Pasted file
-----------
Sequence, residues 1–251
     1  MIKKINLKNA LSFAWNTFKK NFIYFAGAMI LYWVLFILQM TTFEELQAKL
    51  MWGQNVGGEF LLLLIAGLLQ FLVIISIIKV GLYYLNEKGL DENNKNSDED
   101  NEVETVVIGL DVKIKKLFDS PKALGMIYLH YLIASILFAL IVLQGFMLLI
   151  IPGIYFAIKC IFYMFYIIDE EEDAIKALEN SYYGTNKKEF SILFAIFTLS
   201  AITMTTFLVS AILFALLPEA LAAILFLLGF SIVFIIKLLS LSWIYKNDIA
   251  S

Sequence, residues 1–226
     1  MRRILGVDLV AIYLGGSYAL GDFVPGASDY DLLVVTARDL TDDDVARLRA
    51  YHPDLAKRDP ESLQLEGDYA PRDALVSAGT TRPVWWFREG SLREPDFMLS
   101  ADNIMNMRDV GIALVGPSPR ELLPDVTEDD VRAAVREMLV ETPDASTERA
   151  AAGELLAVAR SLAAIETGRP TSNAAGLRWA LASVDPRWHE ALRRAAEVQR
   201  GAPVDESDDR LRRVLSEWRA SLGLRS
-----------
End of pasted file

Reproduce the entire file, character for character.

Sequence, residues 1–251
     1  MIKKINLKNA LSFAWNTFKK NFIYFAGAMI LYWVLFILQM TTFEELQAKL
    51  MWGQNVGGEF LLLLIAGLLQ FLVIISIIKV GLYYLNEKGL DENNKNSDED
   101  NEVETVVIGL DVKIKKLFDS PKALGMIYLH YLIASILFAL IVLQGFMLLI
   151  IPGIYFAIKC IFYMFYIIDE EEDAIKALEN SYYGTNKKEF SILFAIFTLS
   201  AITMTTFLVS AILFALLPEA LAAILFLLGF SIVFIIKLLS LSWIYKNDIA
   251  S

Sequence, residues 1–226
     1  MRRILGVDLV AIYLGGSYAL GDFVPGASDY DLLVVTARDL TDDDVARLRA
    51  YHPDLAKRDP ESLQLEGDYA PRDALVSAGT TRPVWWFREG SLREPDFMLS
   101  ADNIMNMRDV GIALVGPSPR ELLPDVTEDD VRAAVREMLV ETPDASTERA
   151  AAGELLAVAR SLAAIETGRP TSNAAGLRWA LASVDPRWHE ALRRAAEVQR
   201  GAPVDESDDR LRRVLSEWRA SLGLRS